A study has found that pregnant women exposed to air pollution (as inferred by their residential addresses, not lung biopsies or something) give birth to babies with shorter telomeres [reuters.com], considered a sign of premature aging damage:
"Reducing exposure to air pollution is a good thing, for both the parents and for the unborn baby," said Pam Factor-Litvak, author of an accompanying editorial and a public health researcher at Columbia University in New York. "Prenatal exposure to air pollution is associated with a host of adverse outcomes," Factor-Litvak said by email.
For the study, Tim Nawrot of Hasselt University in Diepenbeek, Belgium, and colleagues examined telomere length from samples of cord blood and placental tissue for 641 newborns in the Flanders region. They also looked at mothers' exposure to pollutants known as PM 2.5, a mixture of solid particles and liquid droplets smaller than 2.5 micrometers in diameter that can include dust, dirt, soot and smoke and are often found in traffic exhaust.
Some previous research has linked exposure to traffic fumes and air pollution to higher odds of infertility as well as an increased risk of delivering underweight or premature babies. Prior research has also linked shorter telomeres to an increased risk of a variety of chronic health problems in adults, including heart disease and cancer.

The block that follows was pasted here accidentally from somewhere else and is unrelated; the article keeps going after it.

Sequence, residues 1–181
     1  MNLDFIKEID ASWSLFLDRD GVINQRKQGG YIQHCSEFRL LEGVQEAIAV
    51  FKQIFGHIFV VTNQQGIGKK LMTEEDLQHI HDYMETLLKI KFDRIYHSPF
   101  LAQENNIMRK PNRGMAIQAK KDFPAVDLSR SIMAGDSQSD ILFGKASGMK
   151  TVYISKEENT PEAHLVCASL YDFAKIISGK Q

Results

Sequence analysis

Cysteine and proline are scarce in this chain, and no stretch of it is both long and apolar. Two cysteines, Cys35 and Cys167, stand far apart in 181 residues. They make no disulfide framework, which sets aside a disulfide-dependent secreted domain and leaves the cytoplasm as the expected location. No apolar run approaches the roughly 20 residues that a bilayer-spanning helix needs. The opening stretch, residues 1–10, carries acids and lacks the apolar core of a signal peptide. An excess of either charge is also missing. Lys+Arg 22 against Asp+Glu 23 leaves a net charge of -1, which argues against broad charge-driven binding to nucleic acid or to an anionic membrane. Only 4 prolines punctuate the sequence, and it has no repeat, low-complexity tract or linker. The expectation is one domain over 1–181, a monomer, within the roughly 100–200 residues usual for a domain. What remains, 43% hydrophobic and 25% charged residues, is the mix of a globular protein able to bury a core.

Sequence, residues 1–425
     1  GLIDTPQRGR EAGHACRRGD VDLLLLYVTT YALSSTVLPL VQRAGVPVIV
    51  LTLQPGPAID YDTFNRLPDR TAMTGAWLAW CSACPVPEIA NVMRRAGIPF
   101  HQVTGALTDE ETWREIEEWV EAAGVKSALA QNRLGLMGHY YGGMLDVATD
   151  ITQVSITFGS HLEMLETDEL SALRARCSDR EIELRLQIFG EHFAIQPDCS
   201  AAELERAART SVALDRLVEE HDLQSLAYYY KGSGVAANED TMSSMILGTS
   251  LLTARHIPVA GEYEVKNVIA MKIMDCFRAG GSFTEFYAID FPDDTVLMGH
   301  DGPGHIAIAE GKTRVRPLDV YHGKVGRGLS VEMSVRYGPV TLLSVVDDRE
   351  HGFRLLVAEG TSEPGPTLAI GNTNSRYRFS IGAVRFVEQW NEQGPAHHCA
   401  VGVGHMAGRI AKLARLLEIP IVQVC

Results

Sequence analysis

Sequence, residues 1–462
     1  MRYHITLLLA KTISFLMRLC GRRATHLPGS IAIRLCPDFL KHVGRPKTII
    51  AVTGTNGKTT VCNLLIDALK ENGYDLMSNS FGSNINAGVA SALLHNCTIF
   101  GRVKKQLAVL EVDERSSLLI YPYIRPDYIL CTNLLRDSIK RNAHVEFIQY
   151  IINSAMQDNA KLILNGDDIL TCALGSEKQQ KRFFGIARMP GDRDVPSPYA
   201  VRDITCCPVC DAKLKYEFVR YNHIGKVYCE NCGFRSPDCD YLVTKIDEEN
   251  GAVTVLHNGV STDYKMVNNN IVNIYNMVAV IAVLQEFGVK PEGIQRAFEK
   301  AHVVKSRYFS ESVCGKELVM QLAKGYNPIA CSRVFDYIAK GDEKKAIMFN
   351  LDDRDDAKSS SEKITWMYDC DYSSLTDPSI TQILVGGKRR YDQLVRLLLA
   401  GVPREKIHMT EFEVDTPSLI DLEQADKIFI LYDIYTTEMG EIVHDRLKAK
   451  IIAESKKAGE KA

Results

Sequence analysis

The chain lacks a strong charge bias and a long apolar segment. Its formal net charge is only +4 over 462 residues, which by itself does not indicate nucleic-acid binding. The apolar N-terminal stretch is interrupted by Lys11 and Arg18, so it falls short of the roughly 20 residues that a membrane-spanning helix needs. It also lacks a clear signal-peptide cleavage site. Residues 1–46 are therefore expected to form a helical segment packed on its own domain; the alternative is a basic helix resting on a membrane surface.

Also at CleanTechnica [cleantechnica.com].
Prenatal Air Pollution and Newborns' Predisposition to Accelerated Biological Aging [jamanetwork.com] (open, DOI: 10.1001/jamapediatrics.2017.3024) (DX [doi.org])
Editorial: Environmental Exposures, Telomere Length at Birth, and Disease Susceptibility in Later Life [jamanetwork.com] (DOI: 10.1001/jamapediatrics.2017.3562) (DX [doi.org])